After years of struggling with home wells running dry, Amanda Barkley and her neighbors near the Falkner community on the Benton-Tippah county line hope soon to have ample, clean water as Mississippi prepares to spend over $1 billion in federal money on water and sewerage statewide.
“We got a letter from (Public Service Commissioner) Brandon Presley,” Barkley said. “Three Forks Water Association is applying for the grant to hook us up … It sounds like the money is there, the water association is going to do it. We’re just very hopeful.”
The Mississippi Legislature earlier this year decided to spend up to $750 million of the $1.8 billion it received in American Rescue Plan Act federal pandemic relief money on two of the state’s major problems: In many urban areas, most notably Jackson, antiquated water and sewerage systems are collapsing. In rural areas, such as where Barkley lives, 13% of the state’s population does not have public water service.
The issue is a hindrance to the state’s growth and economic development, and it’s a major health concern. Drinking water contamination in rural wells and from crumbling urban systems is widespread, as is pollution from leaking sewer mains and rural septic tanks.
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The Legislature earmarked $450 million to provide matching grants to cities and counties for water, sewerage and stormwater drainage projects. Cities and counties received about $900 million directly from ARPA that they can use for the matching grant program. For approved projects, the state will match counties’ and most cities’ ARPA money 1-to-1, but will provide a 2-to-1 match on projects for towns that received less than $1 million from ARPA.
The Legislature also set aside $300 million for grants of up to $2.5 million each for rural water associations, from which most Mississippians receive their water. This is for projects such as the one Barkley and her neighbors hope will provide them water.
The Mississippi Department of Environmental Quality and Mississippi Department of Health are running the city/county and rural water grant programs, respectively. They have in recent weeks promulgated rules and scoring and are taking applications, and plan to start awarding grants by the fall.
‘We invented the wheel on this’
Lt. Gov. Delbert Hosemann led the push in the Legislature and lobbied local governments to focus ARPA spending on infrastructure projects that would be “transformational and generational.” Last year, he traveled the state urging local governments to hold onto the ARPA funds they had already received until the Legislature could work out a plan to match their money.
“I’ve been very pleased with the cities that have held their money for the matching grants,” Hosemann said. “… It appears most of them did, and I’m hopeful they saved at least between $300 million and $400 million that can be fully matched to give us a big infusion on water and sewer statewide.”
The money won’t be a cure-all for Mississippi’s water and sewer infrastructure. Needs in many areas, such as Jackson, are far beyond the money available. But it’s well beyond what Mississippi’s cities, counties and hamlets could do on their own, and is being called a once-in-a-lifetime opportunity by many leaders.
“We just appreciate this lift, this push,” said Greenville Mayor Errick Simmons, who said his city hopes to have the state program match his city’s $6.2 million in direct ARPA funds to cover $12.4 million in water and wastewater system improvements. “… Our children and their children will see the positive benefits of infrastructure work.”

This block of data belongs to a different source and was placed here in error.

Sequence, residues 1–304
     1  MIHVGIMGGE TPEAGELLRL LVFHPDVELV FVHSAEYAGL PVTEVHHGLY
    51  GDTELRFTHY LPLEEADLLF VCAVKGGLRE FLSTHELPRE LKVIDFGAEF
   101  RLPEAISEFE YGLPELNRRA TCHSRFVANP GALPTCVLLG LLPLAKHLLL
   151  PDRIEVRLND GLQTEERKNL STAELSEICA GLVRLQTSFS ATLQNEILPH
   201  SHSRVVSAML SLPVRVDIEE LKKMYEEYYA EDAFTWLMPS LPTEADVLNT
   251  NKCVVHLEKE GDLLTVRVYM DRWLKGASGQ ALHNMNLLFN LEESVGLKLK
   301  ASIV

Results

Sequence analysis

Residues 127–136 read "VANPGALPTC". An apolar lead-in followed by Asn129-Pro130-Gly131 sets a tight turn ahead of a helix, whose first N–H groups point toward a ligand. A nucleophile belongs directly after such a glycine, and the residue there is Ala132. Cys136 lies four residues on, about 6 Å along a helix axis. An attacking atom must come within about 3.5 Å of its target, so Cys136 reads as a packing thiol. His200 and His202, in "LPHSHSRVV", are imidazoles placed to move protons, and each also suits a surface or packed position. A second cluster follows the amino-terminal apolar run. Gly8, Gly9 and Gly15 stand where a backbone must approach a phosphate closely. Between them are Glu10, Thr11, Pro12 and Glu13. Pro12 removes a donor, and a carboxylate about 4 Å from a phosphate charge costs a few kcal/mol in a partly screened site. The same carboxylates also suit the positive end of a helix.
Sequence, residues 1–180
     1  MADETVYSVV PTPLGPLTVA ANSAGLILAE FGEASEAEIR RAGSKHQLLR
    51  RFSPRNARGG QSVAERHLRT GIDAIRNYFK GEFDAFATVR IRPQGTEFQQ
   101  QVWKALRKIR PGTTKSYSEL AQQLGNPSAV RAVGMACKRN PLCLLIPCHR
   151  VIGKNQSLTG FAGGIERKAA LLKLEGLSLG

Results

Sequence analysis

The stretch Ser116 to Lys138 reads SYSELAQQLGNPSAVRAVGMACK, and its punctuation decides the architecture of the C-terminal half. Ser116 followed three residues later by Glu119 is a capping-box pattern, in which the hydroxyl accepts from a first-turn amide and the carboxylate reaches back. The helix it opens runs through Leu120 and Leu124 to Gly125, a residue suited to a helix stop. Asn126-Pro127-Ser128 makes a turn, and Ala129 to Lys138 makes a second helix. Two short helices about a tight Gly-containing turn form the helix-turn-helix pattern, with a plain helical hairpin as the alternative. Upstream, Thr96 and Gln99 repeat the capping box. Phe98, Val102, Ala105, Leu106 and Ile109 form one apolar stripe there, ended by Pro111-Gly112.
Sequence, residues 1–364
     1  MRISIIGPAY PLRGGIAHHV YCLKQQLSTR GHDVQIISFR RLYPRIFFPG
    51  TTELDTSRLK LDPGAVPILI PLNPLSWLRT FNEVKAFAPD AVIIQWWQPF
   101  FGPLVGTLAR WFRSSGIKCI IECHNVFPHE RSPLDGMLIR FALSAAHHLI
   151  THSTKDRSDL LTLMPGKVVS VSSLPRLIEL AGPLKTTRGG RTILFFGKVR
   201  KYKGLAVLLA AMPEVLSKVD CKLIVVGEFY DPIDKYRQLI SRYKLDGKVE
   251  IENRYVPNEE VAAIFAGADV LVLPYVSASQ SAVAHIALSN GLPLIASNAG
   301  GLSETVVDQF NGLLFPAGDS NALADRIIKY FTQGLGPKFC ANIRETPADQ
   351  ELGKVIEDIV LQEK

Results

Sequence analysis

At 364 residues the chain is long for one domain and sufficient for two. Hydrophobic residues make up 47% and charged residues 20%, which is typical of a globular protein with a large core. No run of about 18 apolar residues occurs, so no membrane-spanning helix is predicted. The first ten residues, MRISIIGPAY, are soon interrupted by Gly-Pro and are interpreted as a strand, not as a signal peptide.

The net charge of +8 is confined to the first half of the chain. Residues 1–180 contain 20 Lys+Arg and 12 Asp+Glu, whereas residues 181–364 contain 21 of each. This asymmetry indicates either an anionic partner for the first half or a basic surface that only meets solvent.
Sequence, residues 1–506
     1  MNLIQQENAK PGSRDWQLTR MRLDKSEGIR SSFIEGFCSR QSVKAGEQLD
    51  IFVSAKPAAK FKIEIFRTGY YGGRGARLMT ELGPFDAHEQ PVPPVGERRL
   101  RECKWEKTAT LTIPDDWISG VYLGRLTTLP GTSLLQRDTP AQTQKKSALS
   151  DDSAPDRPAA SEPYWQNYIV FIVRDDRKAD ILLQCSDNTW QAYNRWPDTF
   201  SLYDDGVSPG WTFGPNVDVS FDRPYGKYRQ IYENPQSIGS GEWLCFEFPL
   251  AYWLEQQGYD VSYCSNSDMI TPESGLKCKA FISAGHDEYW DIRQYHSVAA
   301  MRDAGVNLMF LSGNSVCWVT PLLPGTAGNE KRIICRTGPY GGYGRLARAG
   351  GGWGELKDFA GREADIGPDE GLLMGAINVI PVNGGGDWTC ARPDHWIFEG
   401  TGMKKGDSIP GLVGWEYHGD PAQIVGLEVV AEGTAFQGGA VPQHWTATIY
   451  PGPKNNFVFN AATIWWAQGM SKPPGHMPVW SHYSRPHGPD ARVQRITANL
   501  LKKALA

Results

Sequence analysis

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Greenwood Mayor Carolyn McAdams, president of the Mississippi Municipal League, said cities are reading the new regulations and signing up for webinars with MDEQ and that MML and the secretary of state’s office are helping cities navigate the grant programs. She said Greenwood has $3.2 million it hopes to get matched to “re-line a lot of sewer pipes that are 70 to 75 years old,” and other work.
“We’re sitting on go — or at least on one or two of ‘one-two-three, ready go,'” McAdams said. “… We’re really appreciative of the additional funding from the state level. I really totally agreed with Lt. Gov. Hosemann. A lot of people could have taken that money and done other things that, while needed, might not be the best decision. When you narrow it down to water and wastewater, you’re doing things that are going to last many years.”
Robert Lee, interim city engineer for Jackson, said the city is finalizing plans for projects. The city plans to use $25 million of the $42 million it received from ARPA for the state water and sewer match program — the largest amount of any city in the state.
Lee said the city plans to focus these projects on sewerage, not because the city doesn’t have plenty of drinking water system needs, but because many of the water projects have much larger price tags and will have to be staged over years.
“On the sewer side, we have a (court) consent decree (to fix problems),” Lee said. “Right now, I’m looking at sewer overflowing and spilling as we talk.”
Derrick Surrette, director of the Mississippi Association of Supervisors, said most counties in Mississippi do not have water or sewerage operations, but some plan to apply for matching grants from the state for stormwater projects. He said these are mostly larger, more developed counties with major drainage issues. He said many other counties will be using their ARPA funds on road and bridge work and other issues, without getting a match from the state.
Surrette said some counties are looking to partner with rural water associations, and use county ARPA funds to help them leverage a state match and upgrade water systems and service. But he said there is still some confusion and concern about counties giving money to non-county entities.
“The rural water issue gets more complicated,” Surrette said. “Once the money goes off the county books to a private association, that’s where all sorts of red flags go up for counties. It’s not that we don’t want to do it, it’s just being very cautious. You can’t just give that money to a rural water association and hope they get it done.